“I’ve had to look at my class of 5 year olds and figure out how many I could cover and hold as a tornado approached our school. I’ve sent preschoolers out with my para as I ran back to grab coats when the alarm wasn’t a drill and we would be outside for a long time in freezing weather. I’ve leaned my back against the inside of a closet door to keep it closed while simultaneously soothing my class (all of us packed into said closet) while a disturbed teen ran through the building brandishing a board with nails sticking out of it and smashing anything he could. I will do almost anything for the babies entrusted to me, but I won’t carry a gun. I know I don’t have the training to accurately target just the shooter without missing and hurting someone else. Friendly fire harms even our most highly trained military personnel, what would happen in a building full of terrified kids and minimally trained staff? What would happen if I err and accidentally kill the wrong person? I know if I freeze, my weapon could be taken and used on the babies I’m trying to protect. I know it would be easy for a stressed officer to see my weapon and mistakenly target me. The district could hire another teacher to care for my school babies, but what would happen to my own two children without their mom? In the past 25 years I’ve seen more and more placed on teachers’ plates. In addition to developing stunningly creative and engaging project based lessons, teachers are expected to nurse, counsel, mentor, feed, clothe, supply, discipline, parent, and now lay down our lives for our students. I’ll do almost anything to protect the little ones I teach and love, but I won’t bring a gun into my classroom.”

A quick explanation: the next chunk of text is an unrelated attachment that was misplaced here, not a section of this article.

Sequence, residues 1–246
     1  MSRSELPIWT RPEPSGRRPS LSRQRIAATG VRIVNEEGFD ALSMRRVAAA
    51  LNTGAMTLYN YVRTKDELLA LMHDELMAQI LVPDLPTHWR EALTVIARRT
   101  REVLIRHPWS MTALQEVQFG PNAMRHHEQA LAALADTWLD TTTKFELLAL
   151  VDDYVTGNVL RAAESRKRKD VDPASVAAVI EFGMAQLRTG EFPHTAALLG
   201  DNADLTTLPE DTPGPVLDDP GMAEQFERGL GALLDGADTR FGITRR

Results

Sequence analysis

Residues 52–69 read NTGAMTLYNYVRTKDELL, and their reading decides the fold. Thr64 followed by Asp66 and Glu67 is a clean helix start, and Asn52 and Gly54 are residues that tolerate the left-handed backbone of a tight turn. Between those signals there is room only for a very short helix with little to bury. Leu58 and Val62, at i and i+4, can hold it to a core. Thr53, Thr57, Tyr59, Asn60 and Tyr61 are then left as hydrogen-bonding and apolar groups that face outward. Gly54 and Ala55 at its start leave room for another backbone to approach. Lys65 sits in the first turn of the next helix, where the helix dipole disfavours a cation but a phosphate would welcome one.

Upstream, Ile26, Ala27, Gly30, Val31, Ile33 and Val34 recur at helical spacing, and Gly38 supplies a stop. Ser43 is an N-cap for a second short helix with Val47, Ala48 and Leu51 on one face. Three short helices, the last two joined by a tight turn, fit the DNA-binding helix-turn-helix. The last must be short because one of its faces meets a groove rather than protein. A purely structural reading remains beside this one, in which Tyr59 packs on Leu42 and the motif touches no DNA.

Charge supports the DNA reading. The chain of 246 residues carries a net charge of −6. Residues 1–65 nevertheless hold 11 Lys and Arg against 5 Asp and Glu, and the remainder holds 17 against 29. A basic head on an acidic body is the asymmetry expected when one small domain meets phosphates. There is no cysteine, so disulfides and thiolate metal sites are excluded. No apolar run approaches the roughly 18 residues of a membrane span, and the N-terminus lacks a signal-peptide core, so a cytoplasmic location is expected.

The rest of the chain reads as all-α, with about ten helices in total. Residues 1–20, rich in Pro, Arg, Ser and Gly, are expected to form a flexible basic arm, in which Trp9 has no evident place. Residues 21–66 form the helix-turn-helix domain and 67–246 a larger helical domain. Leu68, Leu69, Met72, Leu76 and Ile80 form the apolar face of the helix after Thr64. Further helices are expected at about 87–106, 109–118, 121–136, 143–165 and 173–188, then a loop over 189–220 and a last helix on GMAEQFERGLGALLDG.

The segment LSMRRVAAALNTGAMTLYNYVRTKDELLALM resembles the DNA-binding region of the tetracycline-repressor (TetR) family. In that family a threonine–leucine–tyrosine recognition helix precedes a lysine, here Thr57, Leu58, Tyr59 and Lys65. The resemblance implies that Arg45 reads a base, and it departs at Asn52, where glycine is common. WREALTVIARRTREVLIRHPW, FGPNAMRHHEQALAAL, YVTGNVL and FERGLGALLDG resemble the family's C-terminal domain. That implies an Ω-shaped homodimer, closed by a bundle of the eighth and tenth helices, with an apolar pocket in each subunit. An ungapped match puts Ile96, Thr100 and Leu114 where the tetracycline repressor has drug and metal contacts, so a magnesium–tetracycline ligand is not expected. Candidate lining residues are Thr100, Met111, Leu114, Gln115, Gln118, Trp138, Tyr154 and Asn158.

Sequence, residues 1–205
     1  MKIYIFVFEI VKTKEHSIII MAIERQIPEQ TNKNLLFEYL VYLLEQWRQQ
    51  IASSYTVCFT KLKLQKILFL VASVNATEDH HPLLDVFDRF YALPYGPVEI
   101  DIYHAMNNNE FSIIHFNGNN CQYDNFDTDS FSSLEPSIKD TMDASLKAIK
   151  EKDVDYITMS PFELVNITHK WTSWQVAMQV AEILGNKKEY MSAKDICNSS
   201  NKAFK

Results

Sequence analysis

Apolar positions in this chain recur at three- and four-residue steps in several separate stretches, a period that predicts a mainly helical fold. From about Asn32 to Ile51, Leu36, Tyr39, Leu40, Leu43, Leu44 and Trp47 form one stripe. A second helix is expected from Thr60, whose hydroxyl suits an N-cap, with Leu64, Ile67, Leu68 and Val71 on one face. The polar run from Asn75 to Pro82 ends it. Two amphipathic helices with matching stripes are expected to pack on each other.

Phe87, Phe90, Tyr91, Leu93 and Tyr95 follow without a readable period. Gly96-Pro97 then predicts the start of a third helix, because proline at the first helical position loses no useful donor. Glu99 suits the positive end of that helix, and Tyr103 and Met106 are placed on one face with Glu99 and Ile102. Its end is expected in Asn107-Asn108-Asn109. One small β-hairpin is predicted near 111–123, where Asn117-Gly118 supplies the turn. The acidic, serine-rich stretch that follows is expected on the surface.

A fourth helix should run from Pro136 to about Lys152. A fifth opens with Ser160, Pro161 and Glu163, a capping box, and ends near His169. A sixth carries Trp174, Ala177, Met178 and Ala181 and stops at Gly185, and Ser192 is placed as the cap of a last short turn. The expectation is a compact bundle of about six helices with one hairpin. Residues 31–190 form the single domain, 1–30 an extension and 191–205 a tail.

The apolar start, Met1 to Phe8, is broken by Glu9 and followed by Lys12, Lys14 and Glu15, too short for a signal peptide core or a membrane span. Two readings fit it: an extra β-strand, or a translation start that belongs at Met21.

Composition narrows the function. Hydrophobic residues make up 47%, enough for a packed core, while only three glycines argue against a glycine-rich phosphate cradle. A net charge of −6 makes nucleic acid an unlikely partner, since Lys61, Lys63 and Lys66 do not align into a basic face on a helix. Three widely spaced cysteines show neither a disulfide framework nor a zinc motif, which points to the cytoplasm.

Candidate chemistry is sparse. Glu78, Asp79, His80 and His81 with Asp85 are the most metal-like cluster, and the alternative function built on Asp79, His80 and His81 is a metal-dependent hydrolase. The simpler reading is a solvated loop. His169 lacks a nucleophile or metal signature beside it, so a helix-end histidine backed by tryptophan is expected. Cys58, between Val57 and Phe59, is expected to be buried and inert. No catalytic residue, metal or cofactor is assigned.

“I should never be put in the place where I would potentially have to decide between saving my own students or shooting my own students.”
“There needs to be more social emotional support for kids and parents and a better safety plan for all school before I would be willing to carry a gun. I was raised around guns, use guns for hunting, and have many guns in our house due to my husband being in law enforcement. Packing a gun at school is not part of my job. Teachers are there to teach, not police.”
“I am not equipped to kill someone or even injure someone with a gun. I will protect “my kids” with everything I have but having guns in school also makes them more available for those students who are unbalanced.”
“While I understand the thought of stopping a shooter, I would not have wanted to carry a gun in my classroom. I was always busy with my kids, my students, and worked hard to bring new ideas and fun learning activities. I think having a gun in the classroom is going to instill more fear than calm. I am also wondering where the money is going to come from to implement this change. Is is going to be funded for a year or two and then funding would be cut but the mandate would remain? I have seen that happen with other things. In a day when programs, courses, book funds, and technical education is either being cut or underfunded, I worry about the education of our children. I am by no means an anti-gun person. I grew up around guns and have them in my house. I also learned to respect the weapon for what I can make it do.”